The Soviets Really Did Have a Doomsday Machine
| Peter Klein |
According to the new issue of Wired (via the Economist), the Soviets really did have a doomsday machine and, as in Dr. Strangelove, didn’t tell anyone about it. Interestingly, the interpretation is that the Soviets, like Schelling’s rational addict, were directing the credible commitment not toward their opponents, but toward themselves:
The silence can be attributed partly to fears that the US would figure out how to disable the system. But the principal reason is more complicated and surprising. According to both Yarynich and Zheleznyakov, Perimeter was never meant as a traditional doomsday machine. The Soviets had taken game theory one step further than Kubrick, Szilard, and everyone else: They built a system to deter themselves.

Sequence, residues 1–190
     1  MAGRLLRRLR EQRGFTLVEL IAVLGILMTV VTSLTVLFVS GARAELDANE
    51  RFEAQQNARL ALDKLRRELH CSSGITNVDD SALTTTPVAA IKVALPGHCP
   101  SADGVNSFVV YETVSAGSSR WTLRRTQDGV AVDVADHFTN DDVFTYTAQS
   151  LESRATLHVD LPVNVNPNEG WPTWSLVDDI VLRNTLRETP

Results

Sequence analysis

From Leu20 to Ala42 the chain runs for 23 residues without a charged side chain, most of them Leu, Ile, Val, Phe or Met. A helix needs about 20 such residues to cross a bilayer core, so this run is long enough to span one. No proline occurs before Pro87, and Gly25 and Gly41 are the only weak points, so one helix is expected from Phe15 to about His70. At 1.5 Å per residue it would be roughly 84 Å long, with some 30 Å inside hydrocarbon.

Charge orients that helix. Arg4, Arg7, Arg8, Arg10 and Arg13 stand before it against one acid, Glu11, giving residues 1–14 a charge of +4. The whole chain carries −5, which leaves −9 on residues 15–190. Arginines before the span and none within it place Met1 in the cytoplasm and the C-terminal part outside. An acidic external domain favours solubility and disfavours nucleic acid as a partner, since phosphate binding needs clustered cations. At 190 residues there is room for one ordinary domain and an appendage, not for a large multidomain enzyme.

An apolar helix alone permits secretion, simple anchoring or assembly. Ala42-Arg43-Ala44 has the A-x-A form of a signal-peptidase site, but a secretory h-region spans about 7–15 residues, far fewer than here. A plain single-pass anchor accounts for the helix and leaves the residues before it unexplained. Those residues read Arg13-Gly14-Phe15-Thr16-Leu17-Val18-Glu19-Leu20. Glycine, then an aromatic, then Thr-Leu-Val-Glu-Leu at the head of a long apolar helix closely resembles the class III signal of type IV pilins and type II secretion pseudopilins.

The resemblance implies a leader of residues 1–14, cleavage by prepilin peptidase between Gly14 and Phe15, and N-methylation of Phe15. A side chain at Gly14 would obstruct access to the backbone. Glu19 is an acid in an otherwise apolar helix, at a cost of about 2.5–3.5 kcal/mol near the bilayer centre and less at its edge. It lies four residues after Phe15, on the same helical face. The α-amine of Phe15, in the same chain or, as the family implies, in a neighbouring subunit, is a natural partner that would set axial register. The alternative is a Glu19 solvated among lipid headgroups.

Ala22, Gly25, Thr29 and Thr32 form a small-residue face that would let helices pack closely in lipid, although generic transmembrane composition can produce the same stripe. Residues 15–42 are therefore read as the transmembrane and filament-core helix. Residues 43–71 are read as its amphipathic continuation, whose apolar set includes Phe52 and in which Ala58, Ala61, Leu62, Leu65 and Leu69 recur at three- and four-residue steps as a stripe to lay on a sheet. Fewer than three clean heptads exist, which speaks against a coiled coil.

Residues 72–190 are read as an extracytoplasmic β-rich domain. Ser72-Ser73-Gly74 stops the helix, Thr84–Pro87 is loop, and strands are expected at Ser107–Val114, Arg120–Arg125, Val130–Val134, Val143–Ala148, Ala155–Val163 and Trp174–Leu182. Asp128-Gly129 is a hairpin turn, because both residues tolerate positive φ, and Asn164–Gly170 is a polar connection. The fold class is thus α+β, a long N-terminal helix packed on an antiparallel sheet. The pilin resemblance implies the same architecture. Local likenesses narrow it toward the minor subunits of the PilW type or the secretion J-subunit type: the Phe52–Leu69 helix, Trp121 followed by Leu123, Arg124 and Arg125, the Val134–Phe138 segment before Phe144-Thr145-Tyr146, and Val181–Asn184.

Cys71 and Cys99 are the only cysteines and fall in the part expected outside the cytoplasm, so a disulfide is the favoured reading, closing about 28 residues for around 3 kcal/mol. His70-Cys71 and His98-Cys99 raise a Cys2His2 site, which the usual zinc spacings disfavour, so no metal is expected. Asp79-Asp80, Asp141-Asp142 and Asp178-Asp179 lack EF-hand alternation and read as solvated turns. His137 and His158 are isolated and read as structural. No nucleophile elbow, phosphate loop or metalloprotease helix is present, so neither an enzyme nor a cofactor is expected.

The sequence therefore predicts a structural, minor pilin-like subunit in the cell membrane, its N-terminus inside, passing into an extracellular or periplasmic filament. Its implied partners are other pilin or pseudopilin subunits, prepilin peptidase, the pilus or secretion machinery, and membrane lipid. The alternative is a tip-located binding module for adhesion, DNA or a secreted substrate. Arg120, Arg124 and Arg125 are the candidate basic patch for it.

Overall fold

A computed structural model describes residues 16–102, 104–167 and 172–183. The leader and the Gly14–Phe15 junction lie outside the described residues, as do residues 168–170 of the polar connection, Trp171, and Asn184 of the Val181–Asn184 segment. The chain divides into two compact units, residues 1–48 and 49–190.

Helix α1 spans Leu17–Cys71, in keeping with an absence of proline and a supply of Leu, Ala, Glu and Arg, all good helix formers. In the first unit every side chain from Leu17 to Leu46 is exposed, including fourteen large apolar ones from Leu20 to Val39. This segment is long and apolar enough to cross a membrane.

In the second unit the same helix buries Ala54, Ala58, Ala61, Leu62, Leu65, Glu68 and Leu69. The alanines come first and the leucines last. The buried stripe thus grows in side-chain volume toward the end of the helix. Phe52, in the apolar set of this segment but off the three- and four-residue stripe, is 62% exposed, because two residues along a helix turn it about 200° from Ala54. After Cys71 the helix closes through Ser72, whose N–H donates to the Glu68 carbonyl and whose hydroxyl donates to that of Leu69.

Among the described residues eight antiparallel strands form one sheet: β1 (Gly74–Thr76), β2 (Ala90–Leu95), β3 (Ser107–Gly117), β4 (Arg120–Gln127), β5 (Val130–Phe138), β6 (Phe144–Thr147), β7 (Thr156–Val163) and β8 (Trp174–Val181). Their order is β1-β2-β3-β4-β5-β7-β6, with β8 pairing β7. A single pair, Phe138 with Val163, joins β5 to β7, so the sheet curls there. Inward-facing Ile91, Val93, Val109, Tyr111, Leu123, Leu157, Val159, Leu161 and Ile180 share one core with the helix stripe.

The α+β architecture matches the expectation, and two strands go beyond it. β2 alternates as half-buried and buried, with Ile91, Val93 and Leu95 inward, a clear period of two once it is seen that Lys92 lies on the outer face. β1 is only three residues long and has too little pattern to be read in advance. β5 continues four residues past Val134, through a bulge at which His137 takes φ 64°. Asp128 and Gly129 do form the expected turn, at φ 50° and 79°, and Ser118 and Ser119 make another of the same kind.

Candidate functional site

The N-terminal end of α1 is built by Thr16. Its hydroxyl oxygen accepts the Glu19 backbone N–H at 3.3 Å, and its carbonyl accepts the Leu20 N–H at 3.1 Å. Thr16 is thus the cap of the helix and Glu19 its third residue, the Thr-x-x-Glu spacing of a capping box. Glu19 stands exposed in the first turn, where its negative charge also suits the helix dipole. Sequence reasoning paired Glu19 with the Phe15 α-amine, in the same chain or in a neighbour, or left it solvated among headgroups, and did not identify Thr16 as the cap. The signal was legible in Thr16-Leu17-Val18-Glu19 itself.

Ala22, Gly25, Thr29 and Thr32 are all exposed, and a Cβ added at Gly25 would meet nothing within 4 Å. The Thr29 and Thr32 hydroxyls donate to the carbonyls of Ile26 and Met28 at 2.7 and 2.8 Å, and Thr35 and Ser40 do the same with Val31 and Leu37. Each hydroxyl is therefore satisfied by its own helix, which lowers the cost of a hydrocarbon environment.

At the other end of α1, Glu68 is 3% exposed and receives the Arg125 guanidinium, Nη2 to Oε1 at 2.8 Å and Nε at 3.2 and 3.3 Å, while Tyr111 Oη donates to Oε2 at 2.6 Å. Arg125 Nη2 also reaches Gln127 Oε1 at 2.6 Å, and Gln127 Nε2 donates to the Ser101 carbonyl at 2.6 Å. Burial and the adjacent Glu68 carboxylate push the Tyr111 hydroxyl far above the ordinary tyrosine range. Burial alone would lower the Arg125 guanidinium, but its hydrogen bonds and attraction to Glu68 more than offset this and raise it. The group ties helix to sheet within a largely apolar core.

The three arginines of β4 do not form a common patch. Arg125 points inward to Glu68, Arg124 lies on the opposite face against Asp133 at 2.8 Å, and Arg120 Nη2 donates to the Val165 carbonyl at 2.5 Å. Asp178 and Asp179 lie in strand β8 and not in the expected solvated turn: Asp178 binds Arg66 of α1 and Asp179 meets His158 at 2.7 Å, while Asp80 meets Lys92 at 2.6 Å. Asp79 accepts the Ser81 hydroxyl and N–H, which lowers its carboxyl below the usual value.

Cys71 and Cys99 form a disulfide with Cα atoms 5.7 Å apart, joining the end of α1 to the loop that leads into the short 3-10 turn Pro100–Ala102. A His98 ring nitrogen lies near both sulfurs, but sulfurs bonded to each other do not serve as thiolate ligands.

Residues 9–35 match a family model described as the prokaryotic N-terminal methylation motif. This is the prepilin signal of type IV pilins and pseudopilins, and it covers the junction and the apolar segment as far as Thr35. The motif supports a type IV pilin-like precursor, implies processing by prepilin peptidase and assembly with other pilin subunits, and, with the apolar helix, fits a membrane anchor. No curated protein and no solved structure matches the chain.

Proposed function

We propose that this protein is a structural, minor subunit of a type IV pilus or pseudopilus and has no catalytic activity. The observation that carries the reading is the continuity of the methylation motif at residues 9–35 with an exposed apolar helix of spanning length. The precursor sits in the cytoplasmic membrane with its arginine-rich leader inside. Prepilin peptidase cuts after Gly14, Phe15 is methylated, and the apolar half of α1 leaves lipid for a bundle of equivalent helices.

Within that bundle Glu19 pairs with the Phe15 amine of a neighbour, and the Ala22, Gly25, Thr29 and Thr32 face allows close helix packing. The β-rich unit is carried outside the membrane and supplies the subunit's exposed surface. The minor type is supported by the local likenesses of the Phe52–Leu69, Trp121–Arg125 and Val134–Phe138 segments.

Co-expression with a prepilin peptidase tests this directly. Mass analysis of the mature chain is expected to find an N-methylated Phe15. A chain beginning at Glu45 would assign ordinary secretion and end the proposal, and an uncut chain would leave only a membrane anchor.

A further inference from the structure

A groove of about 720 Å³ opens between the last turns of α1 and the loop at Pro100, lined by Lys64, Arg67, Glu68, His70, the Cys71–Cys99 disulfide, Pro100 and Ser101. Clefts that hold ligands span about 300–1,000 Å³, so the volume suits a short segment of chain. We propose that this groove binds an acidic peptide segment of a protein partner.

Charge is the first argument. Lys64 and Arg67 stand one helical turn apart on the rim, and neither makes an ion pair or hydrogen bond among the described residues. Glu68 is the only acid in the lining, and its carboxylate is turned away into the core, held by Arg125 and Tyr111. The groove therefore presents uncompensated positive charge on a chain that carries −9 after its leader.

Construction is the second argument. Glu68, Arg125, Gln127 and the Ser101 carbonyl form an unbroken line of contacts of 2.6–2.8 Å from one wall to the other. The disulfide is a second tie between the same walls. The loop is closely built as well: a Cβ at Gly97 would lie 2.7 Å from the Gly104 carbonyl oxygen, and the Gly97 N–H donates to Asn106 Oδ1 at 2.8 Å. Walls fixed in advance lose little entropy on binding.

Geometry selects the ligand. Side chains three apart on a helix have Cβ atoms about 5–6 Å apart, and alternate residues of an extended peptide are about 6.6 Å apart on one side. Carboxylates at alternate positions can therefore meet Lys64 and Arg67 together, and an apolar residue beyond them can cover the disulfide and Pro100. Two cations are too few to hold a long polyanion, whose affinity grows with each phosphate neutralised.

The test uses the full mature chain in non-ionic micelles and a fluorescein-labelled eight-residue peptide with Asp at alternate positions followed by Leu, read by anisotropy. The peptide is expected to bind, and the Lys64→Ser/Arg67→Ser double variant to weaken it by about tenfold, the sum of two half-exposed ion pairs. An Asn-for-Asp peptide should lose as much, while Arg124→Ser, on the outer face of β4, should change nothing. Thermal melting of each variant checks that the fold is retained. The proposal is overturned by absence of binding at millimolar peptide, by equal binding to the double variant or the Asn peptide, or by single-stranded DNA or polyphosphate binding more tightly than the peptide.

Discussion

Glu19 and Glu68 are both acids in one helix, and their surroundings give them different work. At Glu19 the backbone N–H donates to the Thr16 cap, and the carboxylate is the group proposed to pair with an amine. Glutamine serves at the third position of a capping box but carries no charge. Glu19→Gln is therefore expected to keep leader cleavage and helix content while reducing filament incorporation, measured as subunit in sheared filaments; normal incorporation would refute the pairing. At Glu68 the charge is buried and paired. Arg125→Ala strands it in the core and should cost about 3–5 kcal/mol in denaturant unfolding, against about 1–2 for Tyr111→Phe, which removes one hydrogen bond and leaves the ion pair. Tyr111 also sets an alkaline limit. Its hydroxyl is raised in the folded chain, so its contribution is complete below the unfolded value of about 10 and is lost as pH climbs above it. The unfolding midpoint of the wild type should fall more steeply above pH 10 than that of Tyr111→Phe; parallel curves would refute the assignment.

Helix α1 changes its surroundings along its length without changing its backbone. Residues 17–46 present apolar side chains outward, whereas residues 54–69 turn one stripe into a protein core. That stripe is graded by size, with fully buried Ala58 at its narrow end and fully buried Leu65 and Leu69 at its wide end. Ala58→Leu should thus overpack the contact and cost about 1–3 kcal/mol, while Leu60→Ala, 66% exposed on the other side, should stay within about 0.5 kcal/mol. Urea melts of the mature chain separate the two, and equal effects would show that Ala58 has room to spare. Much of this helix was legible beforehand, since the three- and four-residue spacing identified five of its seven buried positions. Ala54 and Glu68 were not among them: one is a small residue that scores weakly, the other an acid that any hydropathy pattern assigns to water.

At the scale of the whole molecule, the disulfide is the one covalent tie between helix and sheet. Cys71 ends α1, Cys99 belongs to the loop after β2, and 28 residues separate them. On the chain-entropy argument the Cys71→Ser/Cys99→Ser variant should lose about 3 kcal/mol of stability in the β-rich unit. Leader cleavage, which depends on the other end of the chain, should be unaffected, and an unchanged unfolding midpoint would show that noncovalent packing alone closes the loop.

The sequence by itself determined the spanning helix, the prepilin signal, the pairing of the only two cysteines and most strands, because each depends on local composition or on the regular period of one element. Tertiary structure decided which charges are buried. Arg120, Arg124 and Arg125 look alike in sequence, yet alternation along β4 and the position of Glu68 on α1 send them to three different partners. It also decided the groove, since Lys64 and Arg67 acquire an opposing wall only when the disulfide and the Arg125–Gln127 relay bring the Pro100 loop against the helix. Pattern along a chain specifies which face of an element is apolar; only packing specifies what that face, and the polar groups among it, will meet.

By guaranteeing that Moscow could hit back, Perimeter was actually designed to keep an overeager Soviet military or civilian leader from launching prematurely during a crisis. The point, Zheleznyakov says, was “to cool down all these hotheads and extremists. No matter what was going to happen, there still would be revenge. Those who attack us will be punished.”
This wouldn’t deter a Jack D. Ripper type, I suppose. Still, fascinating discussion for those who teach about strategic commitment.